Brian King always joked that he was genetically predisposed to attend UB.
“My mother and father actually met while students at UB, and my aunt, uncle and grandfather also attended the university,” he said.
“However, I’m certain I would have enrolled at UB regardless of my familial ties. Since the moment I stepped foot on the North Campus as an undergraduate, I came to appreciate the diversity of the student body, the breadth of degree programs, and the extraordinary caliber of the faculty. Those feelings remained unaltered nearly 10 years later as I stepped foot off the South Campus after earning my PhD. The university as a whole, and particularly the School of Public Health and Health Professions, has a strong history of collaborative, interdisciplinary and innovative research that I’m proud to have been a part of.”
While King’s original plan was to attend medical school, he changed course during his junior year of undergraduate study when he started working in the inpatient pharmacy of a local hospital. “I realized prevention, and not just treatment, was crucial for combating adverse health outcomes at the population level,” he said. “This prompted me to pursue an MPH in epidemiology. It was during this time that I grew passionate about helping to build an evidence base to support public health policy and practice, particularly with regard to tobacco control.”
He then enrolled in UB’s PhD program in epidemiology. In addition to enjoying the camaraderie with students and faculty, King was impressed with the variety of experiences the program offered.
“Through UB’s strong collaborative relationship with Roswell Park Cancer Institute, I was able to complete my doctoral training and dissertation research at a world-class comprehensive cancer center,” he said. “This collaborative arrangement allowed me to engage in countless experiences that I otherwise would not have had, including partnering with community and state stakeholders to promote sound public health policy, working with members of the media to disseminate my research findings, and traveling both domestically and abroad to scientific conferences and meetings.
“I was also afforded several opportunities to enhance my research skills through the funding support I received from UB’s multidisciplinary training program in cancer epidemiology.”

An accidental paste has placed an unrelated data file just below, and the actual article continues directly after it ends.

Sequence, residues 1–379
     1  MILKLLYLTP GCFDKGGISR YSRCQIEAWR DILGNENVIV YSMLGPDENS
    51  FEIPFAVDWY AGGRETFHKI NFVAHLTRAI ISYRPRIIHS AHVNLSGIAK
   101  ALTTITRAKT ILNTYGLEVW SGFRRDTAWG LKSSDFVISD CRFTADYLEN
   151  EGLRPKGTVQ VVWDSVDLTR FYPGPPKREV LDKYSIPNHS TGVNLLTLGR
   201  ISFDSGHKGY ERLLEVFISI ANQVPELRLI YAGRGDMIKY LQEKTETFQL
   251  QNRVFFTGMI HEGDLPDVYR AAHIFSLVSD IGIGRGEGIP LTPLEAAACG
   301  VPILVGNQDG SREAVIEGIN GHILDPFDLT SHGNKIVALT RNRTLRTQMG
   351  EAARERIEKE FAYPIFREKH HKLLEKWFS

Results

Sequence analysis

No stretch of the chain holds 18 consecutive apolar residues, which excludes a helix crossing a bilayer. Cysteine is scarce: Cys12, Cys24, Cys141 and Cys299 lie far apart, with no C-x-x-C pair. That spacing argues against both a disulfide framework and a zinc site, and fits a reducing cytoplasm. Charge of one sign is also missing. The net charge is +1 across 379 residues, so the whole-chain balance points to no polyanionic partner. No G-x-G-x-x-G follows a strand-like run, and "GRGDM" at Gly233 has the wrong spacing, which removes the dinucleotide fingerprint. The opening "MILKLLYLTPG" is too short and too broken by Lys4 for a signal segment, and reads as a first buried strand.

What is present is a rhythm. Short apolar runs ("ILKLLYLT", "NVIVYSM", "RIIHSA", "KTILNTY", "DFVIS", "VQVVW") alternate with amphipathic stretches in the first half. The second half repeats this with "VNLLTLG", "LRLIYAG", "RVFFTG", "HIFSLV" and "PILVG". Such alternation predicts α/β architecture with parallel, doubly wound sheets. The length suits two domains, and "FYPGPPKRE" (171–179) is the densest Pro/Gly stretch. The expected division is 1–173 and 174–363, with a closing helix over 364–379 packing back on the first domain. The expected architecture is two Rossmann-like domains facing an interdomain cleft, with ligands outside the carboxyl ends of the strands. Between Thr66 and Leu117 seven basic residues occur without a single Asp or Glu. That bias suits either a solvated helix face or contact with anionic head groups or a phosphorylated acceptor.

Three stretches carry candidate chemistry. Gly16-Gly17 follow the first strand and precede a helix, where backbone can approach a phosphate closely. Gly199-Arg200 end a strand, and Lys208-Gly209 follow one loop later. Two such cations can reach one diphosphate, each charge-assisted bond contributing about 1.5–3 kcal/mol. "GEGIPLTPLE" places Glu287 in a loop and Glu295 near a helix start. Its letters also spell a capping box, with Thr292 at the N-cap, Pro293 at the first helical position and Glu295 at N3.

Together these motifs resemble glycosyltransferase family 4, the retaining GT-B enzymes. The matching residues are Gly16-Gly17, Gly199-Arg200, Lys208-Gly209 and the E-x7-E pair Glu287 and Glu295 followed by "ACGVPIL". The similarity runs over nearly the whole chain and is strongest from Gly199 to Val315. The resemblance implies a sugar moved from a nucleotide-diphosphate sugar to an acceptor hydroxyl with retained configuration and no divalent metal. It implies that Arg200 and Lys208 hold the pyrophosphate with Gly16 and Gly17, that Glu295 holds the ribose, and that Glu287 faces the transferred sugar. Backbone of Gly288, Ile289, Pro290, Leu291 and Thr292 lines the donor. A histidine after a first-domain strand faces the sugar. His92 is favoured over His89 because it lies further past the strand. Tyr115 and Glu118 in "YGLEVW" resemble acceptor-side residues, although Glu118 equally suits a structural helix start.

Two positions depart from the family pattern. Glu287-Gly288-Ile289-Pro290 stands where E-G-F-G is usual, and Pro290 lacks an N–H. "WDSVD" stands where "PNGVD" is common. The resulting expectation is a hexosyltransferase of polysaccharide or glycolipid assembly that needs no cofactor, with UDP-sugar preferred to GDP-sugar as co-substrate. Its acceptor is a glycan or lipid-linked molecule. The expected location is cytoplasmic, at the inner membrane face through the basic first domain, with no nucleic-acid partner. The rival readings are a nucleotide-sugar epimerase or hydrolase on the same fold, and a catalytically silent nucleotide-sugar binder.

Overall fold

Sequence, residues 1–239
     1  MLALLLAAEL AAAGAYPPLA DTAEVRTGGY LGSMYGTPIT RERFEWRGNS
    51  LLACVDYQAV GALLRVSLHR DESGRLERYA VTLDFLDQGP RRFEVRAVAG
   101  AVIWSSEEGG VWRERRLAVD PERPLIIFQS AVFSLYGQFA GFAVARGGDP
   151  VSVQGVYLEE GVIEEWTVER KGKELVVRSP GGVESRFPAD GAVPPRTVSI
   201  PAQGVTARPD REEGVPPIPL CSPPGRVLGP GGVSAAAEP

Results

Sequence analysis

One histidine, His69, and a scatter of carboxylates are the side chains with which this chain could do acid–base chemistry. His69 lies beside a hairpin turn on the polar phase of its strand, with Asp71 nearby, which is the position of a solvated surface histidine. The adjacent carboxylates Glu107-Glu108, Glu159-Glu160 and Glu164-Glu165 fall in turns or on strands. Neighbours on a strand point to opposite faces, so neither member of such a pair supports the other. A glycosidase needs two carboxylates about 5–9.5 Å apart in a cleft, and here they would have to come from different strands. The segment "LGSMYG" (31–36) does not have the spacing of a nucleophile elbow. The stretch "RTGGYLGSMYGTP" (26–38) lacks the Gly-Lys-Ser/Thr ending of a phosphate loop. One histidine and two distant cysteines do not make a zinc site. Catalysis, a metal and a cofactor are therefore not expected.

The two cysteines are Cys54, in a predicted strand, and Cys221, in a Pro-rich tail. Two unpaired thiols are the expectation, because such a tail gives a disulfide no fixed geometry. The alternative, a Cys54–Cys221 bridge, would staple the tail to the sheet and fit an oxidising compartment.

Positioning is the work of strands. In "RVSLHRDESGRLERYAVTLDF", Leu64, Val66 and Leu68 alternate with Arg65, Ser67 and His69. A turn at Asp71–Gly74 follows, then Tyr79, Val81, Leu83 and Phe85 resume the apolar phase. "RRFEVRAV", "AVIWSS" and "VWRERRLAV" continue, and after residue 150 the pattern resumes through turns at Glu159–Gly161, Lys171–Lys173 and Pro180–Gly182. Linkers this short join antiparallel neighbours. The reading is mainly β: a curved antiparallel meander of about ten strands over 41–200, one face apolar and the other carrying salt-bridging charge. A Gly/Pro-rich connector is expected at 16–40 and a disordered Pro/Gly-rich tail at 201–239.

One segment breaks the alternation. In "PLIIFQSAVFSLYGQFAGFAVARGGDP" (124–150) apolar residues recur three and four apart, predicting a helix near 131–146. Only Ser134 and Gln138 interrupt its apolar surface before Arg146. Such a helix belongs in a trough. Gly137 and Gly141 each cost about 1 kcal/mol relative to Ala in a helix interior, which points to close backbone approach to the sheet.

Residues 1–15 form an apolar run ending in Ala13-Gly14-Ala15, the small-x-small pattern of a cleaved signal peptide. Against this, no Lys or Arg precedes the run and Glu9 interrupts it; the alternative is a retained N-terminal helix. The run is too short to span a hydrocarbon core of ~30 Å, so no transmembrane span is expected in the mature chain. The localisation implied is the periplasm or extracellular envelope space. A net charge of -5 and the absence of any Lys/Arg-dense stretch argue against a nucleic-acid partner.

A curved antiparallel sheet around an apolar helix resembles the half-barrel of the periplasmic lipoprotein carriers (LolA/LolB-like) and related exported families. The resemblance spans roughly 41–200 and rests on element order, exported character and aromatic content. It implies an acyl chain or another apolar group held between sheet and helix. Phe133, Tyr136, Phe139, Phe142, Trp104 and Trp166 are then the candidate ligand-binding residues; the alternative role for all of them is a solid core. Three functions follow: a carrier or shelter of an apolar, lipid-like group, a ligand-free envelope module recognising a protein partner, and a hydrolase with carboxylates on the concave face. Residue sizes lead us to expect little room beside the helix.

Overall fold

Upon graduation, King accepted a position as an Epidemic Intelligence Service (EIS) officer at the U.S. Centers for Disease Control and Prevention (CDC). The EIS is a two-year postgraduate training program in epidemiology, with a focus on fieldwork. EIS officers, more popularly known as “disease detectives,” are dispatched to investigate disease outbreaks, natural and human-caused disasters, and other public health emergencies throughout the country and the world.
King completed his tenure as an EIS officer in 2012 and joined CDC’s Office on Smoking and Health (OSH), the lead federal agency for comprehensive tobacco prevention and control in the United States. In 2013, he was appointed the senior scientific advisor for epidemiology in OSH. In that role, he is responsible for developing and guiding the scientific and research agenda for the office. He also works closely with federal, state and local officials to inform strategies to reduce the health burden and economic impact of tobacco-related disease and death.
“Not a day goes by that I don’t utilize the skills and knowledge that I acquired while a graduate student at UB,” said King. “The education I received at UB fully prepared me for my position. In fact, I often find that my academic skill set and experience is more robust than colleagues who were trained at Ivy League or other prestigious colleges and universities. My UB education not only prepared me for my field, but it also provided me with unparalleled networking opportunities. I still collaborate with many of the researchers who I was introduced to during my time as a UB graduate student.”